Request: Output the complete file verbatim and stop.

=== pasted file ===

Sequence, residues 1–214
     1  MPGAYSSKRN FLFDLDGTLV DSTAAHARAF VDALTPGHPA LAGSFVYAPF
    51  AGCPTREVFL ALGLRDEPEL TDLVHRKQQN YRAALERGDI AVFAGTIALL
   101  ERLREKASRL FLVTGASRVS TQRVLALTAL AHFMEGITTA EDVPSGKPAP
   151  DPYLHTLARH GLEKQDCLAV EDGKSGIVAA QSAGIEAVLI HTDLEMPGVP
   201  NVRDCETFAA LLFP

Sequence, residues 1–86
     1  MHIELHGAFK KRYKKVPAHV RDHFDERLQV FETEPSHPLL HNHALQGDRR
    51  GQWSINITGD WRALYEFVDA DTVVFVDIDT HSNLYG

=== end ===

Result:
Sequence, residues 1–214
     1  MPGAYSSKRN FLFDLDGTLV DSTAAHARAF VDALTPGHPA LAGSFVYAPF
    51  AGCPTREVFL ALGLRDEPEL TDLVHRKQQN YRAALERGDI AVFAGTIALL
   101  ERLREKASRL FLVTGASRVS TQRVLALTAL AHFMEGITTA EDVPSGKPAP
   151  DPYLHTLARH GLEKQDCLAV EDGKSGIVAA QSAGIEAVLI HTDLEMPGVP
   201  NVRDCETFAA LLFP

Sequence, residues 1–86
     1  MHIELHGAFK KRYKKVPAHV RDHFDERLQV FETEPSHPLL HNHALQGDRR
    51  GQWSINITGD WRALYEFVDA DTVVFVDIDT HSNLYG